Right on Barbara, maybe the OCW could start some marches aginst war, they already have a lot organized, and I am sure a lot of people would join them.

We have to WAKE UP our population,..NO W BEFORE we find ourselves in another war.

We also need to write our representatives and TELL them to vote and work AGAINST WAR. We need to be very forceful in our DEMAND. What else can we do??

Suggestions anybody??
 
 
+8 # John Gill 2012-01-17 19:33
Yeah! Never vote Republican cuz if we get a Republican in office, he's likely to do crazy stuff like military detention of American citizens, or the extra-judicial assassination of American citizens, or the extraordinary rendition of American citizens, why he'll probably just keep on torturing people like that last Repub, an he'll probably...hmmm ....wait....er. ..never mind.
 
 
+2 # Pickwicky 2012-01-19 16:05
Barbara--and one of the biggest lies is: we must act swiftly and decisively or the enemy will think us weak. This is what I thought first when Gelb wrote: " . . .must have a public scrubbing of fighting rhetoric." Would someone explain to me why any nation would think the US weak? Whether we like it or not the US was first to drop the atomic bomb, won WW II, invaded Iraq on a whim, etc. etc. Not to mention our military and nuclear might--last time I heard we have the biggest War Engine on the planet. That "mustn't show weakness" line is simply laughable. But just listen to it roll off the lips of politicians any time another nation spits at us.
 
 
+70 # 1984 2012-01-17 15:05
The article's intentions were good, but the author still fell into the trap of assume Iran was in fact up to no good. The author failed to point out the following: 1. Iran's threat to close the straights of Hormoz came only AFTER the US threatened to disrupt Iran's central bank(as a sanction for failure to do as the US dictated)which would have impacted the oil sales on which Iran depends for its economy. 2. Iran has signed the nuclear non-proliferati on treaty....Israe l has not and therefore its nuclear threat is never investigated. 3. The treaty permits Iran to develop nuclear energy to the point where the next step would be a bomb. Other countries (I.e, France)have done have done that. 4.Why do the US and Israel have a right to have nuclear bombs but Iran does not. 5.Israeli leaders are crazier and more dangeroous than Iran's and have demonstrated their monstrosity over and over again. There are over 150 sanctions against Israel, but none are followed throught on.6. Iran's people are against the current regime (a dictatorship) and will unseat these greedy mullas in time, themselves. Starting a war would only help the present leaders since the citizens would coagulate to fight for the love of their land...not their leaders...their land. 7. the US and Israel are really only interested in Iran's oil (as with Lybia.)If they could successfully stop Iran's energy sources, they would have a much easier time to take over.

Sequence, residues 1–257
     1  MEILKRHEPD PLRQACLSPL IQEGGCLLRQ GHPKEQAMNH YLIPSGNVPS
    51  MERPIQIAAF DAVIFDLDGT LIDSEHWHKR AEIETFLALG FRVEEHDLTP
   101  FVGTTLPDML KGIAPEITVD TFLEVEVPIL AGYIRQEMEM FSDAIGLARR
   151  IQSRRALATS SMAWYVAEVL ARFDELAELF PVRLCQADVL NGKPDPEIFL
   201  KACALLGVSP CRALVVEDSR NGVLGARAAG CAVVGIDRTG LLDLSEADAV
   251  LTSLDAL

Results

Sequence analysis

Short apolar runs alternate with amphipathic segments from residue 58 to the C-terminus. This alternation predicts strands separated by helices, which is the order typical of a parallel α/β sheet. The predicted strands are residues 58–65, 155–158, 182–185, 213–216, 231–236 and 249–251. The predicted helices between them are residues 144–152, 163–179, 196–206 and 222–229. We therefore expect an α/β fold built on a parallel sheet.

-23 # Todd Williams 2012-01-17 15:51
I'm sure you posted this commentary with all good intentions. However, it is replete with innacuracies and misplaced suppositions. I do want to say upfront that I am and was against the Vietnman War, the war in Afghanistan and the war in Iraq. That said, I disagree with your point #1 that Iran has threatened to take this action multiple times in the past. On point #2, you are assuming Israel has treatened another country with nuclear weapons. Whom? I don't understand your point in #3. What's France have to do with this issue. On #4, you make a point about America and Israel having the right to possess nucs, but not Iran. How about North Korea? How about the Taliban? How about the Congo? So it's fine for any country to have them because we do? On point #5, prove to me that Israel leaders are "crazier" (whatever that means) than Iranian leaders. This is just a wild supposition on your part. On #6, although there are factions of dissidents within Iran, there is no proof that "Iran's people are against the current regime" and no evidence that they are even capable of overthrowing the dictatorship. And on #7, this might have a kernal of truth to it, but is an overblown exageration.
 
 
+17 # hasapiko 2012-01-17 17:17
The real issue underlying the tension with Iran (IMHO at least) is whether Iran in fact imposes a security threat to the US and to the world, or whether it represents a threat to US hegemony in the area. There is ample evidence of the latter. Very simply, during WWII Iran was occupied by the British (later the US) and by the Russians and as a result suffered severe famine. After the war, Iran got rid of a US puppet installed after the US deposed a democratically elected leader. Then Iran thumbed its nose at the US by invading its embassy and taking hostages. Then the US backed Iraq into starting an aggressive ground war against Iran that lasted for years and caused hundreds of thousands of deaths. Then the US provided military and other aid that allowed Iraq, Iran's neighbor to the west, to develop weapons of mass destruction. Then the US allowed Pakistan, Iran's neighbor to the east, to have nuclear weapons. On the other hand, where is the evidence that Iran has aggressive intentions towards its neighbors? Yes, it may be supporting Hisb'alla and Hamas. Did the US not support the Taliban at some point? In any case, this in itself is not a direct security threat to the US or Europe. What else? I am open to responses.
 
 
+4 # Dufetel 2012-01-17 23:13